Thanks for the answer. What is stopping the US from adopting the French system? Wouldn't be the easiest to transition to and more widely accepted?
Originally Posted by juanab
Yes, it would be, since all the components are private (insurance, hospitals, doctors and pharmaceutical firms). In fact,the Affordable Care Act ("Obamacare") is largely based on the Massachusetts health care reform, which is itself modeled on the French system[/QUOTE]

interesting about massachusetts -- my son and daughter-in-law, and 2 granddaughters live in massachusetts. they have health insurance through my daughter-in-law's employer, a pharmaceutical company, and pay $8, EIGHT dollars, per month for family coverage. they can see any dr they want. i know both my granddaughters were born in mass gen, a good hospital. i always assumed it was because their insurance was thru a pharmaceutical employer, but now you are saying that massachusetts has health care reform based on the french system. why can't the rest of the country follow suit?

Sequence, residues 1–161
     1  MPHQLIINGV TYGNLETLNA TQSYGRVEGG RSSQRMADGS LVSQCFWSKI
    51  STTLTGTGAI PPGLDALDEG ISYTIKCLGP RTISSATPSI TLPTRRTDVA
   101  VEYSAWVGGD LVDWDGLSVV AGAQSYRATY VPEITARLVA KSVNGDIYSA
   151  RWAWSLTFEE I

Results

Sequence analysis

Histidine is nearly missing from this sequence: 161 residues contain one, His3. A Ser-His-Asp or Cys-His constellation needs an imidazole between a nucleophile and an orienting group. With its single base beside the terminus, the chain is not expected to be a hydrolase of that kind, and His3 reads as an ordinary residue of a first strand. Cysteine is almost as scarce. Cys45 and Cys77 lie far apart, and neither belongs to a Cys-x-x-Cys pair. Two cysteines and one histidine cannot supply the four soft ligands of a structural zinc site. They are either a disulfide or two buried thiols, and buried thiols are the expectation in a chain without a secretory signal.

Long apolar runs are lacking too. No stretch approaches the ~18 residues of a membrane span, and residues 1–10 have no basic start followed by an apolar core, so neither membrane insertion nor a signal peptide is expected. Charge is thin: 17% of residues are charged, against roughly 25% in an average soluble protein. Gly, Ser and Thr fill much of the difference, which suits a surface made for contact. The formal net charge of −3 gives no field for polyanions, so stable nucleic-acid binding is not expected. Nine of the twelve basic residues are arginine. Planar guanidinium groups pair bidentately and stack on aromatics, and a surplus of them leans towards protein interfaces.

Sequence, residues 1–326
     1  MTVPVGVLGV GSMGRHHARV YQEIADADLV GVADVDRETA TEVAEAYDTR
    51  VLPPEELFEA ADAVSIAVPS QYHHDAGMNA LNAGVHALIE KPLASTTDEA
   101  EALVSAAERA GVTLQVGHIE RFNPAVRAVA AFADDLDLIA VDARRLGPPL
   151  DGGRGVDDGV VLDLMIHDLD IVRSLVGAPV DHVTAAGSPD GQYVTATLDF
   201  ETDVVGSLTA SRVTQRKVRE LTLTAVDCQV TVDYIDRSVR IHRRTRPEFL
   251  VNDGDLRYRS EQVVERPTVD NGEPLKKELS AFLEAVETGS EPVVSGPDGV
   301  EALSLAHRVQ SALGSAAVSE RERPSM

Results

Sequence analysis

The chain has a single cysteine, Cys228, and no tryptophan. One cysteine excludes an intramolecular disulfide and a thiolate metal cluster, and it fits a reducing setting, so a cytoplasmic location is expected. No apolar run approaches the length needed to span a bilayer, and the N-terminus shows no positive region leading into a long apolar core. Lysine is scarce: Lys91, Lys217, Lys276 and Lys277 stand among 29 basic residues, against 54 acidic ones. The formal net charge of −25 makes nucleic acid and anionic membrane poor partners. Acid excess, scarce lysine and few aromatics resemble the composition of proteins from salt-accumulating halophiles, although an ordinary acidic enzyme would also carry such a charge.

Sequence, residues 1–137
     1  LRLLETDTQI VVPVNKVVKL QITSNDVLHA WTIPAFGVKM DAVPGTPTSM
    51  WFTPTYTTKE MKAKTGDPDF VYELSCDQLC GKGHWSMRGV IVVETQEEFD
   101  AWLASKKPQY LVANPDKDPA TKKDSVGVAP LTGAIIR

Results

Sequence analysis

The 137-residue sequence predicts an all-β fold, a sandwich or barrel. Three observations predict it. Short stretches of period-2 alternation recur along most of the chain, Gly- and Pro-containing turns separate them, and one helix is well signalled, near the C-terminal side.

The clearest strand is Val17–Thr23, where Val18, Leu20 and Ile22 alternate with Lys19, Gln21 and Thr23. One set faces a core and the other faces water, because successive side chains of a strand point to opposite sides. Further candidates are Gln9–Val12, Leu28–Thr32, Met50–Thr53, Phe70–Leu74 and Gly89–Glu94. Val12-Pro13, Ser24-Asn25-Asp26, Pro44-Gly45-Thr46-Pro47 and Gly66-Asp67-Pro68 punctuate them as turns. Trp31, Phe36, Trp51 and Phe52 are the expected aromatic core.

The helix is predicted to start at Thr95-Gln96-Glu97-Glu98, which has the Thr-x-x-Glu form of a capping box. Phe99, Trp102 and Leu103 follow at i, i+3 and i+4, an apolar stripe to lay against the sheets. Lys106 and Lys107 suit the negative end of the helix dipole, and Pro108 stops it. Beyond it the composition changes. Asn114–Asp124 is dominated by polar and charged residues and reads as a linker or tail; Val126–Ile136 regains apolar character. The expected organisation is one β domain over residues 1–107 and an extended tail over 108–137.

since this seems too good to be true -- another question -- are the drs earning a living wage? (clearly their own health insurance would then be affordable so that would be one personal cost lowered, LOL!)

i'm not following the other part of your discussion. it seems that the insurance companies just name the reimbursement rate, not individuals nor doctors. there does not seem to be any negotiation with anyone. i know in my profession here in ny at least, united healthcare has gobbled up many insurances, if not the whole package, then at least the mental health part, and so consequently they are naming the reimbursement rates, copays, like a monopoly.
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